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From "Dennis E. Hamilton" <dennis.hamil...@acm.org>
Subject RE: Blog Draft: OpenOffice.org Migration -- The Community Forums
Date Thu, 17 Nov 2011 03:42:09 GMT
<orcmid comments="in-line" />

-----Original Message-----
From: Dave Fisher [mailto:dave2wave@comcast.net]
Sent: Tuesday, November 15, 2011 19:56
To: ooo-dev@incubator.apache.org
Cc: ooo-dev@incubator.apache.org; dennis.hamilton@acm.org
Subject: Re: Blog Draft: OpenOffice.org Migration -- The Community Forums

Sent from my iPhone

On Nov 15, 2011, at 8:07 PM, Donald Whytock <dwhytock@gmail.com> wrote:

> Nice effort put into this.  Some grammar-weenie-ings and thoughts...
>
> -- "including of ones own posts" should be "including of one's own posts".

<orcmid>
  I'm certain this's right.  I had to look to be sure, and learn
  that the rule about possessive pronouns and "its" just doesn't
  apply here.  Thanks  for the catch.  Fixed.
</orcmid>

>
> -- "Forum operation  More-experienced" should be "Forum operation.
> More-experienced".

<orcmid>
  The second missing "." - I think I'm wearing out my keyboard.
</orcmid>

>
> -- "The Forums embrace all of the descendants of the original
> StarOffice/OpenOffice.org that have become siblings in the
> OpenOffice.org galaxy.  Tips and solutions in the use of one release
> are often useful to users of a product cousin having the same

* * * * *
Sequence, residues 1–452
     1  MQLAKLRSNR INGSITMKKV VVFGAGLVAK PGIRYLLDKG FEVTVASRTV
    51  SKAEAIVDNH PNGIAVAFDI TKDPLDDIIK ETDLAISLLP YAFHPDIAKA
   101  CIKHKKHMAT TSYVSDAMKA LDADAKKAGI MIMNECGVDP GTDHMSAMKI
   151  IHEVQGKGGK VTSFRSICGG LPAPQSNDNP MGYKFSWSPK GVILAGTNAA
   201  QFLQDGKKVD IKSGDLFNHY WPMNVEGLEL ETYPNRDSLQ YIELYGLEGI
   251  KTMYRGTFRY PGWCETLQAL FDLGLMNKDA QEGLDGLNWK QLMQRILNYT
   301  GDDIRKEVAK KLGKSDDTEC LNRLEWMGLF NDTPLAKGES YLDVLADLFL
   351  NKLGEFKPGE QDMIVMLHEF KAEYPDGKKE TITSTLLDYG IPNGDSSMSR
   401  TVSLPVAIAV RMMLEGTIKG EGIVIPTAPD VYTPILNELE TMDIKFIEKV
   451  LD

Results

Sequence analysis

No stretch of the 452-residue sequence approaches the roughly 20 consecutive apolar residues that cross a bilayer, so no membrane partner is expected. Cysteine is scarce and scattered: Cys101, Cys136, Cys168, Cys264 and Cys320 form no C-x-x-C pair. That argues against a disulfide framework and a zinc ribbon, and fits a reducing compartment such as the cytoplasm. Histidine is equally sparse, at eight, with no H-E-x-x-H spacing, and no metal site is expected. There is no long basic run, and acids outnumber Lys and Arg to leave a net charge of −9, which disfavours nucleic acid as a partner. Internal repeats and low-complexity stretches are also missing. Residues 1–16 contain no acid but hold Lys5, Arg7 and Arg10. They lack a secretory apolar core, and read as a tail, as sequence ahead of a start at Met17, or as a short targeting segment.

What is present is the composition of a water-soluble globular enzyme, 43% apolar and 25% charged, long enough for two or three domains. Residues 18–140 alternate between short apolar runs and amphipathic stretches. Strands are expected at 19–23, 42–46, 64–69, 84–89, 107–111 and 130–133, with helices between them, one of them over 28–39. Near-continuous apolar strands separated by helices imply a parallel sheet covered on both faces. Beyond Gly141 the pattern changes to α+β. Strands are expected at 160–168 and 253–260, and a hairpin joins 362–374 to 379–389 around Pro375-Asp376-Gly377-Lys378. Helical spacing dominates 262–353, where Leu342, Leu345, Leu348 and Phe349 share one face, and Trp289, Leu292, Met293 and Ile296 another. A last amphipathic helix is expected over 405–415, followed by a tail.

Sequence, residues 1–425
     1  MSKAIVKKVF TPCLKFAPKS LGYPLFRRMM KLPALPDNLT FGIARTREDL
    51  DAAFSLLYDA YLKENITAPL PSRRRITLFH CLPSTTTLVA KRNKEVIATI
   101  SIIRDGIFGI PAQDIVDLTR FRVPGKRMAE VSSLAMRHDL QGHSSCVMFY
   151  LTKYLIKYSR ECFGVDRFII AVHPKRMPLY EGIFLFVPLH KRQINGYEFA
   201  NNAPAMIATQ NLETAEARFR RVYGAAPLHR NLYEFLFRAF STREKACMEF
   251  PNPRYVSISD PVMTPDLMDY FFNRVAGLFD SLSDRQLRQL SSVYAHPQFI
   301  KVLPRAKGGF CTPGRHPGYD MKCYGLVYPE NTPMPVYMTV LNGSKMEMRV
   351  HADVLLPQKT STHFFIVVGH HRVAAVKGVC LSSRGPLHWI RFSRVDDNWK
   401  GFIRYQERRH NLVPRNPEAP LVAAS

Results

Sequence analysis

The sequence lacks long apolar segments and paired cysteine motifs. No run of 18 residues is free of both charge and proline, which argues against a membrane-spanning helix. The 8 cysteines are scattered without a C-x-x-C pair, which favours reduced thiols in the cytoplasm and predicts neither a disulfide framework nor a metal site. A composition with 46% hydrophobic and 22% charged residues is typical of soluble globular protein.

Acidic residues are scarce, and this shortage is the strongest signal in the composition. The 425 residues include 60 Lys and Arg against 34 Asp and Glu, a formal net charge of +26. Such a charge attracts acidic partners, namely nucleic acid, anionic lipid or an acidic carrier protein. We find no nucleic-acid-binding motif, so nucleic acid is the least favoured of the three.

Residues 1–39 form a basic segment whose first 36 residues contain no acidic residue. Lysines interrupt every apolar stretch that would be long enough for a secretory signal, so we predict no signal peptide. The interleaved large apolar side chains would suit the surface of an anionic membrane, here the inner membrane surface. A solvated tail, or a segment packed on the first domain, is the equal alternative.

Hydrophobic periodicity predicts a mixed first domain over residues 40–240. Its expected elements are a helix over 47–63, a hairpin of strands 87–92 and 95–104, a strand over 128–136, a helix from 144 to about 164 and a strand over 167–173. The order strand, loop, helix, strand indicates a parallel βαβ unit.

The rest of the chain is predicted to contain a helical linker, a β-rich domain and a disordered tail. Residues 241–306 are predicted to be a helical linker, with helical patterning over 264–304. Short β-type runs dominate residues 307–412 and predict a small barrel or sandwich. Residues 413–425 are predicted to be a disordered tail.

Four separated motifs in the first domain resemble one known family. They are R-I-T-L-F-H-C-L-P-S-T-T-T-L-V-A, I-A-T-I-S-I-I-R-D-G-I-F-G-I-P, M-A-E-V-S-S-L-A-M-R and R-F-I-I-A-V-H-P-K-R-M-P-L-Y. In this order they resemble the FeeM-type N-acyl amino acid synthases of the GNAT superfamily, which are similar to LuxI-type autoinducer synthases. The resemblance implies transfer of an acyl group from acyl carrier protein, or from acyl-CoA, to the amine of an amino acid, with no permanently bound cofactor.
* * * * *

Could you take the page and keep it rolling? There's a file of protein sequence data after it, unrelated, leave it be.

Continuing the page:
> feature."  Given descendants and siblings, what is a "cousin"?  Is
> this a term of art[1]?  Does it refer to a branch within OOo, or a
> branch outside of OOo such as LO?

We've learned that peers is a term that works with LO. I would suggest that or 
related. This way no one will get hung up on relational distance and who is 
the black sheep of the family.

<orcmid>
  Thanks Dave and Don. I was working too hard to avoid repetitions of
  words.  Peers works fine, especially since it recognizes
  equal standing.  Good one.
</orcmid>

Regards,
Dave

>
> -- "The OpenOffice.org Community Forums are one way that the Web
> connects users of OpenOffice.org-related products.  There are
> additional communities across the Internet with similar concerns as
> well as different specialties.  These can employ mailing lists,
> Internet news groups, and other web-based forums.  The Web and search
> engines bring the different resources of these communities into the
> reach of each other and users everywhere.   The OpenOffice.org
> Community Forums are now continuing as a substantial resource of that
> extended community." Not sure this paragraph is as useful as a
> statement that URLs have been preserved to keep existing search-engine
> repositories useful, which the next two paragraphs come close to
> saying.  On the other hand, it might look good on a "Where to Get
> Help" page on the site.

<orcmid>
  Funny. I wasn't thinking of maintaining location for search engines
  at all, but for the preservation of deep linking and ability of
  individuals to find things where they expected.  It also preserved
  integration from forums to materials referenced elsewhere in the site,
  but that was probably not going to be an issue.
    I've added two sentences to the final paragraph to be more
  emphatic about why preserved locations are important.
    Thanks Donald, that's a big deal that should not be overlooked.
</orcmid>

>
> -- Closing paragraph?  Something along the lines of, "See?  Wasn't
> that cool?"  Or alternately, "Y'all come!"
>

<orcmid>
   Uh, I want to pass on this one.  It seems completely out of harmony
   with the voice and tone of the preceding material.
</orcmid?

> Don
>
> [1] http://en.wikipedia.org/wiki/Term_of_art

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